Two for us, one for a friend. More to come later.

Nice and clean, barely marked at all.

Fried cabbage this round, next: Boiled bacon and cabbage.

Stinking For Art’s Sake

The sweetpeas have reach over the halfway mark, as they flower they’ll continue to climb.

So. Many. Roses.

For reference. I guess the obelisk is just under six feet, hard to say with it sunken, tall though. I’m still taller so I’d say six feet or so.

As seen from above.

With the glare on the camera’s screen it’s difficult to tell what I’m photographing, sometimes you get lucky.

Yo, Dear Reader, busy today, you know I often get asked how my plants grow as they do, usually not in genuine interest, but as a selfish request for me to impart the secret, there are few secrets, just hard graft, but if there was an earnest inquirer, a Dear Asker if you will, Dear Reader, they would need only to smell Dearest Reeking Jack. I had to empty the comfrey tea bin. Which meant grabbing four mesh bags of fermented, saturated comfrey leaves, placing them sopping and revolting smelling into a bucket, then I had to strain the dregs into buckets, remembering the bin is a huge 200 litre bin, all this after using the tap to fill buckets that were sloshed, partly at least, into watering cans that were filled with water and dispersed all over the garden, reserving enough to really saturated myself in the malodorous dilution. You can’t imagine the smell, I literally had to change my clothes and even my socks! Though while working I had to be sprayed in odour remover. This is the reason everything grows, so well, Dear Reader, I will do anything, no matter how horrifyingly stinky to help the garden along. I am merely a vassal, a very rank vassal, but look at what I grow!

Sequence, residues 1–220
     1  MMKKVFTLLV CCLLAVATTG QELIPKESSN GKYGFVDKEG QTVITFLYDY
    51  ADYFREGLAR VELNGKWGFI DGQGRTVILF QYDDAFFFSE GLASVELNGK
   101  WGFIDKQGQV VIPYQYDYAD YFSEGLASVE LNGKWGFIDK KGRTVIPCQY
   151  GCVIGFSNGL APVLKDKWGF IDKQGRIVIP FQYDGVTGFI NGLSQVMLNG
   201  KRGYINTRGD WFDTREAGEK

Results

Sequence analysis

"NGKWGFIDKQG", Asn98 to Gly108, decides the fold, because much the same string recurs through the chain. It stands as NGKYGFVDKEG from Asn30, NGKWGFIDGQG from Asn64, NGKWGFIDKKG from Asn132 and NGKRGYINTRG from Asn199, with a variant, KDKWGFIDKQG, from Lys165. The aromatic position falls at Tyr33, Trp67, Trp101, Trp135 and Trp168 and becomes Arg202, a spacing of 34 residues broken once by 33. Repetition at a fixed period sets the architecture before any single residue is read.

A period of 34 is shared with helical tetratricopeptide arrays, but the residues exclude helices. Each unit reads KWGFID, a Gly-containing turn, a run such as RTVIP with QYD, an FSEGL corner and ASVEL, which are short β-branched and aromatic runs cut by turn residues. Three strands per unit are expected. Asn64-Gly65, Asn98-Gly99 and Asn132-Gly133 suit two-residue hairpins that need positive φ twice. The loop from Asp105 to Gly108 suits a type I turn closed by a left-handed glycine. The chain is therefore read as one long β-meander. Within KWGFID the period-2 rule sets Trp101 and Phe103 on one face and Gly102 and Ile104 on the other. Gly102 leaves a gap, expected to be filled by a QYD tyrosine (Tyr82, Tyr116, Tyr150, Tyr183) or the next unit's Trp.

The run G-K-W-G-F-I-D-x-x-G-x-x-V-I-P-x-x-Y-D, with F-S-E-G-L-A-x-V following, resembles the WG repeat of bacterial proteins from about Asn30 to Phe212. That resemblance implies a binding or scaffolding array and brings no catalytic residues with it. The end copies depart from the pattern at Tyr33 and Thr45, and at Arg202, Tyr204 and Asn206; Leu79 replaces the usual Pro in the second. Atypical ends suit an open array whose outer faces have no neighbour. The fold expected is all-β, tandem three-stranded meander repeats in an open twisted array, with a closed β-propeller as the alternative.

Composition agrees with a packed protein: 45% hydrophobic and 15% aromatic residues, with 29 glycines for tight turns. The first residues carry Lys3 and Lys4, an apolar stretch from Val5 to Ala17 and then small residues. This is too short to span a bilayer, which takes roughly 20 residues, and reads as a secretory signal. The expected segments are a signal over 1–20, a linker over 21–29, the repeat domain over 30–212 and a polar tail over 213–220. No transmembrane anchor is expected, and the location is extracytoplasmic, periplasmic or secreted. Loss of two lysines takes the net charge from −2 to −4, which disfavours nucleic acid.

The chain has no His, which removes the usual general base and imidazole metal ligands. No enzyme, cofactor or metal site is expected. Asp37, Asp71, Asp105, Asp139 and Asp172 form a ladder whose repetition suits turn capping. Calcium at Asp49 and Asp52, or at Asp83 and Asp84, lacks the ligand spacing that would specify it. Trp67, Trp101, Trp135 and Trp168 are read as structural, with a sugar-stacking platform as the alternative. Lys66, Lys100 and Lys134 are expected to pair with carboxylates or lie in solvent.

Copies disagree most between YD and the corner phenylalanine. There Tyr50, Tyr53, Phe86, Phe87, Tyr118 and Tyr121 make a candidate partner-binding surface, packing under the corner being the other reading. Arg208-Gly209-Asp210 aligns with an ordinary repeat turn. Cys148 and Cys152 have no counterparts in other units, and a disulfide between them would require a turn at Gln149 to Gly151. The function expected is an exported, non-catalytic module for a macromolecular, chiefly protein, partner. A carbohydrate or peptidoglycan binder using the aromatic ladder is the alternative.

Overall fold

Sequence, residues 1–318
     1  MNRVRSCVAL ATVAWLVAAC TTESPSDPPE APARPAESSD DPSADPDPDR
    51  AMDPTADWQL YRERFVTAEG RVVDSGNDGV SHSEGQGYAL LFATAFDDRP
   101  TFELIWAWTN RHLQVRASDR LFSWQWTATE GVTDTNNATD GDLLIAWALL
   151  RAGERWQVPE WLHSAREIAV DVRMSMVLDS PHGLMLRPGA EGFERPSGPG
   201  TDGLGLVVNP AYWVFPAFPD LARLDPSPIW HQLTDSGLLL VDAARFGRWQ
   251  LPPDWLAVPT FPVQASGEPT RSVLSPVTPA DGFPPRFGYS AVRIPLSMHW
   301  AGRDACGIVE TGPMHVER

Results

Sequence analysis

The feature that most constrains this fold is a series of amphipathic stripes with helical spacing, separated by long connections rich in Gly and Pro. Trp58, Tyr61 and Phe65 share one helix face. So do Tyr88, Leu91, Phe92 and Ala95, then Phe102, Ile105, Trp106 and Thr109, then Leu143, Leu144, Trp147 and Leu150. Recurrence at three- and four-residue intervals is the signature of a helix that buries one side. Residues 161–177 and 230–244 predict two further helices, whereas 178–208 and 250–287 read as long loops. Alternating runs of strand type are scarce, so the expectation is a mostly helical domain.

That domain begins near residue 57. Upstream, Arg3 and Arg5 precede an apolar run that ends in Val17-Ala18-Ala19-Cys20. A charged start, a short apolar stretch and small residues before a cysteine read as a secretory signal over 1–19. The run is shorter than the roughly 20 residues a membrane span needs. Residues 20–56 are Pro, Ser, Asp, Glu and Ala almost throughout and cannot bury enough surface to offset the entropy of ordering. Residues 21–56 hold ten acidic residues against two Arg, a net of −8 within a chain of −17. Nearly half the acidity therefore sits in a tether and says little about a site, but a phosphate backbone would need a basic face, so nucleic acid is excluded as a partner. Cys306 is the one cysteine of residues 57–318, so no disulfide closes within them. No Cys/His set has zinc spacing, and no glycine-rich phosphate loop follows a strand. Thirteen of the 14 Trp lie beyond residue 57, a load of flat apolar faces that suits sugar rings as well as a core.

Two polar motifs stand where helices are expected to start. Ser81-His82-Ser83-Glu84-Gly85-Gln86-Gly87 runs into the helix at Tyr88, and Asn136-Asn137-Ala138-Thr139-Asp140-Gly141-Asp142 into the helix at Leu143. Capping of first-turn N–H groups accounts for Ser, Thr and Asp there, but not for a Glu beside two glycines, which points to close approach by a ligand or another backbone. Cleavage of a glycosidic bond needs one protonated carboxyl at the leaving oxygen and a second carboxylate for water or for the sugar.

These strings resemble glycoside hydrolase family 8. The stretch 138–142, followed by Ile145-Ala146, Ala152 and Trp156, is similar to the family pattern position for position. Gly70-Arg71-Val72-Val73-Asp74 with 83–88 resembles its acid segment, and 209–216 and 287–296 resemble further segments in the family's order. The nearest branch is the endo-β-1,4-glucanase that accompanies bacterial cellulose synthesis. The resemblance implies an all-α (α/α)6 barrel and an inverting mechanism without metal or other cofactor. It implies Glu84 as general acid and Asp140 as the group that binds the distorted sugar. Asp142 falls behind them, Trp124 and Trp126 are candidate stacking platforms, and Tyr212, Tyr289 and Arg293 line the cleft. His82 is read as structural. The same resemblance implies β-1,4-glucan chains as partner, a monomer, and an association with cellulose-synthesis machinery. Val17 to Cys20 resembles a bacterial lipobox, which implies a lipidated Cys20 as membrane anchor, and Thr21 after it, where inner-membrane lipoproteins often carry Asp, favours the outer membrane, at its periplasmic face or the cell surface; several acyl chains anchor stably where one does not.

Whether this was always a wild rose or not remains a mystery.

The saved Royal Mallow is almost in bloom.

Last of the miniature roses to bloom, it fell and landed upside down, but seems fine.

Next year I put a bottomless pot to control the weeds around the base. It’l allow for direct sowing too.

We’re now reaching maximum rose. Kidding, we haven’t even started! Okay we have, but still more to bloom.

I like the smaller clusters of lilies too.

I’ve resolved to eat everything I can this year, Dear Reader, the scallions were chopped and frozen and will be added to everything that an use them from curries to savoury fruit sauces. I planted more lettuce in that planter and will replace the other planters when they finally finish, shouldn’t be much longer now, I’ve been eating so much lettuce, you’d be proud, Dear Reader. I’d often wait until I found the perfect recipe for everything, often never finding it and having to finally use everything quickly. Now? Why now I just toss everything in alongside everything else, I will never stop enjoying the seemingly ridiculous combination of strawberry and beef. I will eat the garlic when it cures, just as simply as I can, the onions I will use in every dish and enjoy for the very simple act they came from my garden, grown by my own hand. There is a different taste to homegrown produce, it’s fresher naturally, but there’s a mental aspect to it that enhances the flavour of dishes these ingredients are used in. If that doesn’t make you want to grow your own, at the least, nothing will. I’ll be back later, Dear Reader.

Slowly the rambler improves. Just two years after cleaning it out and we’re here.

Iceberg climbing rose.

Saved tigernuts are growing well. Maybe I’ll get a real harvest this year.

The care given o them really shows.

Paris Silverskin.

High In Iron! Eat Hydrangeas!

I guess they’re sucking up the iron in the soil.

I wonder how far the blue will spread?

Even the clone is changing.

I love the colour of the Burgundy Ice. Give it a few years and they’l be so strong and blooming in profusion.